Thursday, 19 September 2013


Two weeks after the Rome-based “multi-cultural” writer Taiye Selasi declared provocatively in Berlin that “African literature doesn’t exist”, her more famous counterpart Chimamanda Ngozi Adichie will be in Paris to talk about literary stereotypes and identity.

Chimamanda Adichie © SWAN
Adichie of Nigeria is one of 28 high-profile writers taking part in the inaugural “Ecrivains du Monde” literary festival Sept. 20 - 22 in the French capital, where the issues of diversity and globalization are set to generate some interesting debate.

Like the fast-rising Selasi (Ghana Must Go), Adichie and many other writers reject being pigeon-holed according to their nationality or colour, and the festival is meant to be a “celebration of world literature”, or perhaps world-class literature, as it includes award-winning authors such as Michael Ondaatje, Walter Mosley and Salman Rushdie.

“African Literature is an empty designation, as is Asian Literature, European Literature, Latin American Literature, South American Literature, North American Literature, and so forth,” Selasi said in a recent speech.  “My very basic assertion is that the practice of categorizing literature by the continent from which its creators come is past its prime at best.”

The “Ecrivains du Monde” festival, organized by New York’s Columbia University and Paris’ Bibliotheque national de France (national library), may thus be ahead of the curve by focusing on the world of literature produced by writers from around the world.

Take Petros Markaris, for instance. Born in Turkey to a Greek mother and Armenian father, he became a Greek citizen in 1974. Before that, he had no citizenship. Markaris, an acclaimed screenwriter and novelist with fans all over the globe, will discuss language and identity on the opening day of the festival.

Festival co-director Caro Llewellyn © SWAN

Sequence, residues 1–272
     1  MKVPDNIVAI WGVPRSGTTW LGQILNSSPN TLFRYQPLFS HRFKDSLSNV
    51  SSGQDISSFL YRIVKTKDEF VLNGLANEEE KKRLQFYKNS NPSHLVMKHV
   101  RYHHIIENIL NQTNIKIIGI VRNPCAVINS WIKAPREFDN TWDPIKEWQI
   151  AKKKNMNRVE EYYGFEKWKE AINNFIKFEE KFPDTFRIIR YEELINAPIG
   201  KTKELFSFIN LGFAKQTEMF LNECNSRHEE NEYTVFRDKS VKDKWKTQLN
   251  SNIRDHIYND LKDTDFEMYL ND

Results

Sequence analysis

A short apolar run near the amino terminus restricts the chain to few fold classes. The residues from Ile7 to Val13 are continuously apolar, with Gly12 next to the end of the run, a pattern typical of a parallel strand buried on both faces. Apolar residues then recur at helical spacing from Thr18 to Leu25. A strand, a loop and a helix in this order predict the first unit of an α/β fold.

That same evening, novelist Adichie (Half of a Yellow Sun) will be participating in an “international reading under the stars”, along with Ma Jian of China (The Noodle Maker), John Banville of Ireland (The Sea) and Rushdie from “the world of living under police protection”, according to festival co-director Caro Llewellyn.

“Rushdie is a guest like everybody else and he’ll be reading and holding discussions just like everybody else,” Llewellyn told SWAN, when asked about the presence of the controversial author.

“The writers were selected based on many criteria … who they may pair well with, what’s their story and how does that reflect certain issues that we want to raise at the festival. But they are all great writers doing great work,” she added.

Llewellyn, an Australian who has organized festivals from Sydney to New York, says that there is a need for people everywhere to read the “world’s books” to achieve greater international understanding. This is a belief also held by Paul LeClerc, the new director of Columbia Global Centers / Europe who came up with the idea for the festival. The Center in Paris often organizes stimulating symposiums on global and cultural issues.

During the Ecrivains du Monde event, one much-anticipated debate will focus on whether globalization has hurt or helped writers from smaller countries. Have barriers really broken down between borders and language, with new markets opening up all the time? Most writers would probably laugh at this question, but the subject will be seriously tackled by Kiran Desai and Amin Maalouf, among others.

Walter Mosley (image from Ecrivains)
Meanwhile author Elif Shafak, who writes in both Turkish and English, will talk about “reimagining east and west” – a look at how “imaginary” geographical concepts can be “de-imagined” and “re-imagined”, as she puts it.

Speaking of mind games, book-lovers will also get to listen to celebrated crime writer Walter Mosley discuss whether there is anything more real than imagination. And Mosley will additionally cast a light on the mean streets of his popular protagonist Easy Rawlins, who solves crimes in a segregated American city of the 1950s and Sixties.

Readers needing some physical exercise after such intellectual discourse can opt for a walking tour of Paris on the final day of the festival with a Columbia University professor of architecture, who will relate the story of those who helped shape the city’s history. These movers and "shapers" include ancient Roman settlers, Resistance fighters and, of course, famous Parisian authors.

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